100 Women We Love: Class Of 2018

Each one of these women, in her own unique way, is a role model who exemplifies the best of the LGBTQ community.

Kiran Gandhi

Photo by Madame Ghandi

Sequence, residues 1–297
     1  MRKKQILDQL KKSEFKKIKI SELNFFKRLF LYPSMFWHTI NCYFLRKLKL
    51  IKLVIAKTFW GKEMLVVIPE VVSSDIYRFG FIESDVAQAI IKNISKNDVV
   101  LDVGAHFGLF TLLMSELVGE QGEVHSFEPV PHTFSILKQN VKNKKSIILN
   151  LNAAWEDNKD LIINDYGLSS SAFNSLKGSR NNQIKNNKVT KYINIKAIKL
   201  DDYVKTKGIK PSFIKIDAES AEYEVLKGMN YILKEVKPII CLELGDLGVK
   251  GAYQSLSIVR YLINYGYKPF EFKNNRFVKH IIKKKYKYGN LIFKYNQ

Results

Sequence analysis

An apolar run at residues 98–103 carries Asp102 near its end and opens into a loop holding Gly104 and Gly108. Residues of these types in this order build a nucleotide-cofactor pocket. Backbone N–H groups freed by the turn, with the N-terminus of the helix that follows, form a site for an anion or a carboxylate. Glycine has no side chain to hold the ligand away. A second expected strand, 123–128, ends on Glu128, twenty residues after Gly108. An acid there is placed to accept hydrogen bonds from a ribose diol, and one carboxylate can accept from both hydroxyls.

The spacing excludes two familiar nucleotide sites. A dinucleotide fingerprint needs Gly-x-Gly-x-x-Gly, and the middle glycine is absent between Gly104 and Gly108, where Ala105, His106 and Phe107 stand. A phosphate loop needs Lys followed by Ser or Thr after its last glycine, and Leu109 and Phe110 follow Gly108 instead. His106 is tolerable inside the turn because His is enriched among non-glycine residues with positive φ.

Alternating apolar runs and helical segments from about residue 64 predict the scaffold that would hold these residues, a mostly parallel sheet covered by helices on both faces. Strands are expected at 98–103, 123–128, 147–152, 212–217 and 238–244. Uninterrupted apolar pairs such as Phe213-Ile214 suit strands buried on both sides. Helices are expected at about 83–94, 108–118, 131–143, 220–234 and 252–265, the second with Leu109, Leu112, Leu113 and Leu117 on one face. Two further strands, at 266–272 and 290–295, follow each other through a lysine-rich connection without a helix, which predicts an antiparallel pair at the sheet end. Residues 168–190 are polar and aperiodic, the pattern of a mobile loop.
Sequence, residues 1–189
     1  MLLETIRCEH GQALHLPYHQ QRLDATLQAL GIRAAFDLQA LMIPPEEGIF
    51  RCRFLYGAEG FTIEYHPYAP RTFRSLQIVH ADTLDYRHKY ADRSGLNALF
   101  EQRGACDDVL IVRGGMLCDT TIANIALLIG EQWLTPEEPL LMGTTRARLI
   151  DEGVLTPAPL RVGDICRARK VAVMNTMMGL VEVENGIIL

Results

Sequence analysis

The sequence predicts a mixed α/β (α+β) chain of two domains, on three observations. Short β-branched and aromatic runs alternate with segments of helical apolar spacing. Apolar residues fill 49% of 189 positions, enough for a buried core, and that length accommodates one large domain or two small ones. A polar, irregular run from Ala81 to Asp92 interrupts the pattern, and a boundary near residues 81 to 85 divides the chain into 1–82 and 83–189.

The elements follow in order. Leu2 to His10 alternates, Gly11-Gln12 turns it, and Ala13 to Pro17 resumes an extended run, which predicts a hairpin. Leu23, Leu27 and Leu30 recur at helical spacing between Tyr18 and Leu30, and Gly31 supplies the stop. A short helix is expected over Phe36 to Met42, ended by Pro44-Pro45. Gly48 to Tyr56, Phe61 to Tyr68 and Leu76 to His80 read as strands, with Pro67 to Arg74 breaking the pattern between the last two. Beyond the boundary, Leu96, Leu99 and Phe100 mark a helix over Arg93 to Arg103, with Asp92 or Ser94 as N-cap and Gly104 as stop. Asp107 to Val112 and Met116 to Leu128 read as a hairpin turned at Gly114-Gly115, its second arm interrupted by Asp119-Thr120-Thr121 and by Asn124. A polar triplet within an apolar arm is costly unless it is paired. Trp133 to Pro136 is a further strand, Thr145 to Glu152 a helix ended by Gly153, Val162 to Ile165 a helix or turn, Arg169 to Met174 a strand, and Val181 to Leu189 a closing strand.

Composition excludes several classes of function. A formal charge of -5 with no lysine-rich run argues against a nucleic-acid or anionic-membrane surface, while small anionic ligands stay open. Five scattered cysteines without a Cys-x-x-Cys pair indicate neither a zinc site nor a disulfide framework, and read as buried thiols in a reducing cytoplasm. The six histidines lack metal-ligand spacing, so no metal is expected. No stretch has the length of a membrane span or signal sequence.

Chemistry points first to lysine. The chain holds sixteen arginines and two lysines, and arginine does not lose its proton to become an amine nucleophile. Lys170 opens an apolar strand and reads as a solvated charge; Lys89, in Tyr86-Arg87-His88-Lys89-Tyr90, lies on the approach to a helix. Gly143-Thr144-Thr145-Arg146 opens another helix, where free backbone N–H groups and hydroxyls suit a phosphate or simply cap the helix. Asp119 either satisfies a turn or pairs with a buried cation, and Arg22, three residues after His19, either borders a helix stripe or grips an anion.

Not many successful musicians can list a Harvard MBA on their resumé. Kiran Gandhi can. The Los Angeles-based drummer has been able to seamlessly combine her passion for music with her expertise in business and mathematics to land roles as an advisor to several music companies, such as Spotify and Bonnaroo, and as the first digital analyst studying consumption behavior at Interscope Records. All the while, Gandhi — who performs as Madame Gandhi — was developing her own musical career, touring as a drummer for M.I.A. (while in business school!), DJing, and producing her own music. Her “electrofeminist” solo EP, Voices, was critically acclaimed, and her song “The Future is Female” charted on Spotify after the 2017 Women’s March. She is currently working on a full-length album. But Gandhi’s work doesn’t stop there. An activist combatting menstruation stigma, she ran the London Marathon in 2015 while free-bleeding. She travels the world to speak about gender equality. Being queer has impacted her career, she says, in that “my queerness is my source of personal liberation. It is my way of saying I can dress how I want, think how I want, speak how I want, be with whom I want, and live freely.” And that liberation carries over into other aspects of her life, including her work, she says. “It allows me to run faster when I’m training, surf longer, box harder. It allows me to hit notes when I’m singing that I didn’t think I’d be able to get since I didn’t grow up as a singer. When we get out of our own way mentally, we allow ourselves to step into our own personal power.” —SEJ


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